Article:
Federal lawyers are being asked to avoid prosecuting simple drug possession cases unless major public safety concerns are at play — a move that comes amid a push on the federal government to reconsider decriminalization.
The directive, which was issued earlier this week, revises the Public Prosecution Service of Canada’s (PPSC) approach to simple possession offences under the Controlled Drugs and Substances Act.
Director of Public Prosecutions Kathleen Roussel is now asking her team of lawyers to focus on seeking charges only in “the most serious cases” and to otherwise ask for alternative measures, such as restorative justice and Indigenous approaches to divert simple possession cases away from the criminal justice system.
“For example, where the possession relates to a substance use disorder, prosecution should generally be avoided where the offender is enrolled in a drug treatment court program or a course of treatment provided under the supervision of a health professional,” said PPSC spokesperson Nathalie Houle in an email.
“When deciding whether to initiate and conduct any prosecution, PPSC prosecutors must consider not only whether there is a reasonable prospect of conviction based on the evidence available but also whether a prosecution serves the public interest.”
We’ve revised our approach to simple possession offences under the Controlled Drugs and Substances Act (CDSA). You can read the new policy in Part 5.13 of the PPSC Deskbook: <a href=”https://t.co/MnyYBQ1KZL”>https://t.co/MnyYBQ1KZL</a> 1/4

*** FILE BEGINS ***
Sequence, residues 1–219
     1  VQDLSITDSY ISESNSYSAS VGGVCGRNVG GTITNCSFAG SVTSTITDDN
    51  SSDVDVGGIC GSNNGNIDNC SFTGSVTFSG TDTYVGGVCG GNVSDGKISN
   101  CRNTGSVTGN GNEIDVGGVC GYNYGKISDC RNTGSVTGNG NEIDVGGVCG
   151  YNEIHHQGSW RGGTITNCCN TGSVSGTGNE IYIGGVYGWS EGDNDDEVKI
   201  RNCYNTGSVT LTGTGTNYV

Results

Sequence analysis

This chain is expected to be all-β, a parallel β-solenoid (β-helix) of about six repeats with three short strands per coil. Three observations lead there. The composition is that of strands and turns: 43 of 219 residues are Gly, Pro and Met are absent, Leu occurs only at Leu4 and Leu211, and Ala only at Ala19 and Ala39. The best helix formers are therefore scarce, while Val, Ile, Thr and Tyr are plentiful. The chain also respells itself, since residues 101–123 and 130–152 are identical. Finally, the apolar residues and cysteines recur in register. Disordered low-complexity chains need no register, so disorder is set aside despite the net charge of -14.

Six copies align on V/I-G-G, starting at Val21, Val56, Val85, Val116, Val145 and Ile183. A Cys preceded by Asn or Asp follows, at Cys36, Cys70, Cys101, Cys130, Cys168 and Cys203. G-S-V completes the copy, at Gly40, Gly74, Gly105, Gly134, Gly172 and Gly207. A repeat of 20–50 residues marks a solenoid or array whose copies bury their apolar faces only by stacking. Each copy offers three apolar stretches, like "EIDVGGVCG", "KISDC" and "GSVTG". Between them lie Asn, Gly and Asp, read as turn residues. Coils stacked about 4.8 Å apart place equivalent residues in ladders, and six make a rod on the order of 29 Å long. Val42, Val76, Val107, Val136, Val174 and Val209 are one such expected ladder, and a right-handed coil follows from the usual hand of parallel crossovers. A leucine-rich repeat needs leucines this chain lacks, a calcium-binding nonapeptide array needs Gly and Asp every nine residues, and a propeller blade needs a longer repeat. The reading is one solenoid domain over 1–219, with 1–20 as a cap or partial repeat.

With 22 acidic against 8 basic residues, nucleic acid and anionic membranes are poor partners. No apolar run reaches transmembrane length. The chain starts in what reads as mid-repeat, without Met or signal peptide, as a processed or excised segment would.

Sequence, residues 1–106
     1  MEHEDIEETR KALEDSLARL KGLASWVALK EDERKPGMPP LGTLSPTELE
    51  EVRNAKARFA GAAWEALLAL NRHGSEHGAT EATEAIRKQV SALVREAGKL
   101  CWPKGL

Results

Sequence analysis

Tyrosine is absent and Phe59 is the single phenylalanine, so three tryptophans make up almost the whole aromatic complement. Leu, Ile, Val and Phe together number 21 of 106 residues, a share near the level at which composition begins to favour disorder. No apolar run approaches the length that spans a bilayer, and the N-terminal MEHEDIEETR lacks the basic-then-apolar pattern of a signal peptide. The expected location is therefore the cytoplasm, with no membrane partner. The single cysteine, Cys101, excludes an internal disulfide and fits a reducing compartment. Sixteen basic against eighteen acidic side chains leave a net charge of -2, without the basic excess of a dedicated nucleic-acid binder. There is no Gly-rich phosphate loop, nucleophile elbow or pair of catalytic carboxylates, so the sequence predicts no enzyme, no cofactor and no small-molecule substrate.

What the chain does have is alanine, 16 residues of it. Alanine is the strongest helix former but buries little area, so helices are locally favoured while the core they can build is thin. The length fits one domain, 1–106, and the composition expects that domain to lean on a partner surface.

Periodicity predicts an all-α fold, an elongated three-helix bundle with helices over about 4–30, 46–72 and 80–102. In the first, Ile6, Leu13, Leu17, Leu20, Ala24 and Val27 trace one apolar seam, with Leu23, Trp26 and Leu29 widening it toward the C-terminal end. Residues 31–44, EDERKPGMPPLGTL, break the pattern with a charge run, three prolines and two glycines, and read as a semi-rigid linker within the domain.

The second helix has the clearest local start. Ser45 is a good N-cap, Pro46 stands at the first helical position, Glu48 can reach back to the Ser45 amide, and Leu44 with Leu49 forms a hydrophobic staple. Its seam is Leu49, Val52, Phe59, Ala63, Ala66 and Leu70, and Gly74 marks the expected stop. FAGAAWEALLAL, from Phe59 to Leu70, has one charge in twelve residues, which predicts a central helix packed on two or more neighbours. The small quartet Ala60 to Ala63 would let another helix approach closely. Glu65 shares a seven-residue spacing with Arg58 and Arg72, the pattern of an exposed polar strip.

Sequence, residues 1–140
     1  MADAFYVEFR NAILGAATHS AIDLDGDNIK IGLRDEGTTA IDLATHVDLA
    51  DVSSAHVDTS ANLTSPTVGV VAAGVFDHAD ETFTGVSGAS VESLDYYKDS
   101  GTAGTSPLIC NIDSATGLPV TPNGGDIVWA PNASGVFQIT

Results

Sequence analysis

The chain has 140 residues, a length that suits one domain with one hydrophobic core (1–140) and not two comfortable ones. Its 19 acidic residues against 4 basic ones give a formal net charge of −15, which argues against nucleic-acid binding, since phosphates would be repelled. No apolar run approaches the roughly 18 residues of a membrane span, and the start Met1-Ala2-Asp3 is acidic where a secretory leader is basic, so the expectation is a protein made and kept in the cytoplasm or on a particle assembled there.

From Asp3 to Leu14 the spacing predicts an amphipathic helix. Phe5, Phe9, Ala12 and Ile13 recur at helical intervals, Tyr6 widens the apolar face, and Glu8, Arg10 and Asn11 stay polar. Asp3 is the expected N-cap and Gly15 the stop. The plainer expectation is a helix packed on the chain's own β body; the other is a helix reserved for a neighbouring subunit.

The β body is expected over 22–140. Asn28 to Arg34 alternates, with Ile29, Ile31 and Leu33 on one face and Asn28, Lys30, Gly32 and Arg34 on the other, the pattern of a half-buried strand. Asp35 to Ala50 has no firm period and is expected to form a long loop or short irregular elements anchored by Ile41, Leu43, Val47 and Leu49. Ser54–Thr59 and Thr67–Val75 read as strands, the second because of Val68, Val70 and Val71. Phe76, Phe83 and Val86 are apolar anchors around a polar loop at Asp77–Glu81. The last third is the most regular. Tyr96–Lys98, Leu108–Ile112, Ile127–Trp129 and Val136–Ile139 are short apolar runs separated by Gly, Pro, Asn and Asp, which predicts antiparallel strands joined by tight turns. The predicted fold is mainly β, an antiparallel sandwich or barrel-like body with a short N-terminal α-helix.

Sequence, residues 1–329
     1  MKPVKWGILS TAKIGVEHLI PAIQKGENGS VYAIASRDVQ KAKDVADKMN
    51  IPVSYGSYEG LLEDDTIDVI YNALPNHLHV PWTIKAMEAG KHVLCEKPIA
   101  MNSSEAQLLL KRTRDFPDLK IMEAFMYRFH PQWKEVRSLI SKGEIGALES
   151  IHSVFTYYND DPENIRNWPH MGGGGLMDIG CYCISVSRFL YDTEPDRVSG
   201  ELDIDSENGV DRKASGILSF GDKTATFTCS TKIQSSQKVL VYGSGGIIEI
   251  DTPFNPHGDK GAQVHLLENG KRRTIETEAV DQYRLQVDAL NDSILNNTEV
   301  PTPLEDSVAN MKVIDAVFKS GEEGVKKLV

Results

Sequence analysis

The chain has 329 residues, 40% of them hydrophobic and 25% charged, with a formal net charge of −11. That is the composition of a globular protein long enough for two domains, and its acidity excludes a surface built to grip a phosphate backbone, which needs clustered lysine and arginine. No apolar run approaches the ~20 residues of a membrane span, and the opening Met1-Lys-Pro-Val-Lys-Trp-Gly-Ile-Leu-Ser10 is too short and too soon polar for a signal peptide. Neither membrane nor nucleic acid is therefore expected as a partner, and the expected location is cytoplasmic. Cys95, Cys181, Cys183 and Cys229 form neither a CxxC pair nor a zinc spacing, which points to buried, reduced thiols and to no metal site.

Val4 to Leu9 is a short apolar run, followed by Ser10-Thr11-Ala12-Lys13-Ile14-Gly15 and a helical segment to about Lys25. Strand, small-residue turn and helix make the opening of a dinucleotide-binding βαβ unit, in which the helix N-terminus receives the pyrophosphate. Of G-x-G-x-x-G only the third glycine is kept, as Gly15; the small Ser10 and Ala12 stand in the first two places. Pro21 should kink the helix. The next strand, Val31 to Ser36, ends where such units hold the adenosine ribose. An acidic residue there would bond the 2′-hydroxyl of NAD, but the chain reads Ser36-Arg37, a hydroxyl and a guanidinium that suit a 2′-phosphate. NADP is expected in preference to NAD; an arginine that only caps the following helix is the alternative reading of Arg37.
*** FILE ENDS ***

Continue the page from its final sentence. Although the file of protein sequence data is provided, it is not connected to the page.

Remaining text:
Cases meriting Criminal Code charges could involve children or young people at risk, weapon, threats, acts of violence or isolated communities, according to the new directive.
Houle said the federal agency has been reviewing its prosecution policies in light of public health research and the ongoing opioid crisis.
Mounting calls for decriminalization
Liberal MP Nathaniel Erskine-Smith, who has introduced two private member’s bills dealing with drug possession, said it’s the right step.
“Short of removing the offence entirely, this is a significantly improved policy for prosecutors,” the Beaches-East York MP tweeted Wednesday morning.
The tweak comes amid a rising chorus of voices calling on the federal government to change its position on illicit drug decriminalization.
Back in May more than 50 human rights, drug and legal policy groups sent a letter to the health and public safety ministers asking them to halt criminal charges for simple drug possession as part of its response to COVID-19, arguing the pandemic has led to more dangerous drug use practices and a spike in overdose deaths.
And just last month British Columbia Premier John Horgan — whose province has seen a spike in overdoses during the pandemic — urged the prime minister in a letter to decriminalize possession for personal use.
In his letter, Horgan said such a move would “reduce the systemic stigma associated with illicit drug use and support people to access the services that they need.”
“Criminal prohibitions are ineffective in deterring drug use, and criminalization of drug possession directly leads to both individuals and systemic stigma and discrimination that prevent people from seeking services,” he wrote.
June was the worst month for overdose deaths in the province’s history with the BC Coroners Service recording 175 people dying of illicit-drug overdoses.
The numbers for July are not available yet, but paramedics said they had their busiest months on record since the overdose emergency was declared four years ago.
Across that province, paramedics responded to 2,706 overdose calls in July, well above the usual monthly average of around 2,000 calls, according to BC Emergency Health Services.